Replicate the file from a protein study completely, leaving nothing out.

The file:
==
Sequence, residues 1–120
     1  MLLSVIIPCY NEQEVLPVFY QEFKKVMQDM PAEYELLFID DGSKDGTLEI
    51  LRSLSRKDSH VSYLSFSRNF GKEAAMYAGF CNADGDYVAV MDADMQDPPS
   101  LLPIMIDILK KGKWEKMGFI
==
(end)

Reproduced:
Sequence, residues 1–120
     1  MLLSVIIPCY NEQEVLPVFY QEFKKVMQDM PAEYELLFID DGSKDGTLEI
    51  LRSLSRKDSH VSYLSFSRNF GKEAAMYAGF CNADGDYVAV MDADMQDPPS
   101  LLPIMIDILK KGKWEKMGFI